The last owner of collapsed department store chain BHS will appear in court today to face accusations of failing to hand over information to an investigation into the sale of retailer.
Dominic Chappell was summonsed in August to appear at Brighton Magistrates‘ Court to face three charges of neglecting or refusing to provide information and documents to The Pensions Regulator without a reasonable excuse.
The regulator said they requested information from Chappell on three occasions – twice in 2016 and once again last year.
Chappell has been accused by the regulator of failing to comply with notices issued under Section 72 of the Pensions Act 2004.
He pleaded not guilty to all three charges.
A former bankrupt, Chappell headed Retail Acquisitions, the firm that bought BHS off Sir Philip Green‘s Arcadia Group retail empire for £1 in March 2015.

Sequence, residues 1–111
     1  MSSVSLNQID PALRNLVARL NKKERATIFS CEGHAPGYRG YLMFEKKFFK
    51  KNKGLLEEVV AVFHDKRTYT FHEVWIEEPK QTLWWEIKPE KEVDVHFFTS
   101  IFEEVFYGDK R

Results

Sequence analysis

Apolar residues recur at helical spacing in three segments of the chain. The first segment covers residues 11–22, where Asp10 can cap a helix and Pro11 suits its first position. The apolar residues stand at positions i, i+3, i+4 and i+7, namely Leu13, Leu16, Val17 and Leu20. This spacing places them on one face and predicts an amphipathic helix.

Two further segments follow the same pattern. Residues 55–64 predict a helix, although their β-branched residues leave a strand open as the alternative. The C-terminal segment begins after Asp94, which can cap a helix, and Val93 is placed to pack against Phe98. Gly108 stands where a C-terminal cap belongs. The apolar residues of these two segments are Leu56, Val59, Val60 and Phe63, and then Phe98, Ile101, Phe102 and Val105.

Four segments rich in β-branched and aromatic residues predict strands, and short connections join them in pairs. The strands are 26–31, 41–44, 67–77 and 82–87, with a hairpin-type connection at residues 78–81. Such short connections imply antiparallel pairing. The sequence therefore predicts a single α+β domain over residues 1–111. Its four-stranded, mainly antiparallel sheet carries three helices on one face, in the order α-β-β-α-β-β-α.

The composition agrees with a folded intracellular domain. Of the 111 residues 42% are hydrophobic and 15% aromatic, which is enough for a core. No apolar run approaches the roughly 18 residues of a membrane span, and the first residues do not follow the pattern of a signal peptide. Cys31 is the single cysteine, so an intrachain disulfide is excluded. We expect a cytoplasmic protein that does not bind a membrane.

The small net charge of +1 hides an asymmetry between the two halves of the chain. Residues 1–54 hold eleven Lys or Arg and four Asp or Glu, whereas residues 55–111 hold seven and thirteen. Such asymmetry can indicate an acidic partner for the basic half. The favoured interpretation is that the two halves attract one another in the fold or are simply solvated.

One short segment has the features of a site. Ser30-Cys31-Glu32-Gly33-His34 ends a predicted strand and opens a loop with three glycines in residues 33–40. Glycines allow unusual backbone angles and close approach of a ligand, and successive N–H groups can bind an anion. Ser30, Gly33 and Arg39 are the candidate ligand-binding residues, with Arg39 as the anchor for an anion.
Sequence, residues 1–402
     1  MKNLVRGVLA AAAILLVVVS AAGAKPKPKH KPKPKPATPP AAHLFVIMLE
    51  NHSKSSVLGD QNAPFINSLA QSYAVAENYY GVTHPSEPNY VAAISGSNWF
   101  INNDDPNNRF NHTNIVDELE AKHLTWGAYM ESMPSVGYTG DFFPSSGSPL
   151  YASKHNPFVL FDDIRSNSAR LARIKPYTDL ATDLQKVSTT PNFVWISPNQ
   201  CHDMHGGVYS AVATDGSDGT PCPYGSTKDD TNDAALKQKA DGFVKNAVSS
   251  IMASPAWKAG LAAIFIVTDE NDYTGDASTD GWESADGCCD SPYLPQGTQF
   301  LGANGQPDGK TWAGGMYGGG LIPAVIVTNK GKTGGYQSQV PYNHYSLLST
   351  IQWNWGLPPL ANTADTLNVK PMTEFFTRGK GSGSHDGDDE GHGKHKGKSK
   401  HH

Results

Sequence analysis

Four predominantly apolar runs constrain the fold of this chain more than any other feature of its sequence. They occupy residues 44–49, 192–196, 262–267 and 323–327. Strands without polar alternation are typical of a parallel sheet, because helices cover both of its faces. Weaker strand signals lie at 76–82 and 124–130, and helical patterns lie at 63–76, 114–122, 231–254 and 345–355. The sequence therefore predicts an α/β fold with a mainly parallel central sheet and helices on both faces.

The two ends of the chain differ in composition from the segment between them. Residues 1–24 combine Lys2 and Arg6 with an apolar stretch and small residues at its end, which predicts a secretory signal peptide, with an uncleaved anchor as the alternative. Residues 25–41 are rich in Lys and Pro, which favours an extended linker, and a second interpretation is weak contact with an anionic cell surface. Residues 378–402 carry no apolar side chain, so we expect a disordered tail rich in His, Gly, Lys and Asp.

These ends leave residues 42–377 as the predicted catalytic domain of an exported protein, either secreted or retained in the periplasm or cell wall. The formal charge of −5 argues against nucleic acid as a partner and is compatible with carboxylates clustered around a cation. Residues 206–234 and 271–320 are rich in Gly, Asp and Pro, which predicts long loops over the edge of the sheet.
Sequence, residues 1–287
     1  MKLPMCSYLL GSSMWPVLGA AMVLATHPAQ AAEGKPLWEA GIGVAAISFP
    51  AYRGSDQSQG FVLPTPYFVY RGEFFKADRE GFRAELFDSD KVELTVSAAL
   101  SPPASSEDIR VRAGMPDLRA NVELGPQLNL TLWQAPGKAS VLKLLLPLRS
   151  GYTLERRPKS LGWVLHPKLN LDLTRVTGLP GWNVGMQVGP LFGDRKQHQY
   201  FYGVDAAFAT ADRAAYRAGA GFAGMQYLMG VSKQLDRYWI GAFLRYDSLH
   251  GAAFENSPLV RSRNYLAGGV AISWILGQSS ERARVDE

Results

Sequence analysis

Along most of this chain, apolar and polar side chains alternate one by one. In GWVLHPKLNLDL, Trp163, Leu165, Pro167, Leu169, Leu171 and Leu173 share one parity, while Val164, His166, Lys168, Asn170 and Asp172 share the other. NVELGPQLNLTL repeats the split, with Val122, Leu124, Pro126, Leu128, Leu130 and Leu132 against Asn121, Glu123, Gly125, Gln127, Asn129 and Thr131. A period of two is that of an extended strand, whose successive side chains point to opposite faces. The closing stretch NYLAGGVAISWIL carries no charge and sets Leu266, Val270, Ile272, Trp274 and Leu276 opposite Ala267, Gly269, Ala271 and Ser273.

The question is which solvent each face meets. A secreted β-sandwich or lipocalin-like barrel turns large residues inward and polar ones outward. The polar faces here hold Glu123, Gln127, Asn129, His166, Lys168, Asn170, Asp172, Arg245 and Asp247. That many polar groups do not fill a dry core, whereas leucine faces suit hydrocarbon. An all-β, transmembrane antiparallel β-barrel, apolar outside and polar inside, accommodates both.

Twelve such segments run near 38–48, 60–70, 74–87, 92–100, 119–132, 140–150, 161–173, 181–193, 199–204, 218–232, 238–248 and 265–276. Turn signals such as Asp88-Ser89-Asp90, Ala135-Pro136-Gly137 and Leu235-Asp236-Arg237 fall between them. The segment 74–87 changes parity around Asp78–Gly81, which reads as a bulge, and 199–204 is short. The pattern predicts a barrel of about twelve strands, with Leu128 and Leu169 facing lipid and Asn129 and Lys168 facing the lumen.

The 51-year-old represented himself at his previous hearing, where he was refused an adjournment after he alleged he had not seen a court summons because he had been on a boat at sea when it was served.
Chappell also accused The Pensions Regulator of abusing its powers – which it disputes – and claimed it briefed the press before he learned he was being sued.
In September, district judge William Ashworth adjourned the case for trial from today.
The trial is expected to last four days.
BHS plunged into administration 13 months after Chappell acquired it, affecting 11,000 jobs and around 19,000 pension holders due to a £571 million pension deficit.
Under Chappell‘s leadership, £8.4 million was taken out of BHS by Retail Acquisitions, with £6 million still owed when it collapsed in April 2016.
The Serious Fraud Office and the Insolvency Service are also carrying out their own investigations into the demise of BHS.
Retail Acquisitions itself was put into liquidation in May, although Chappell said at the time he would challenge the court ruling.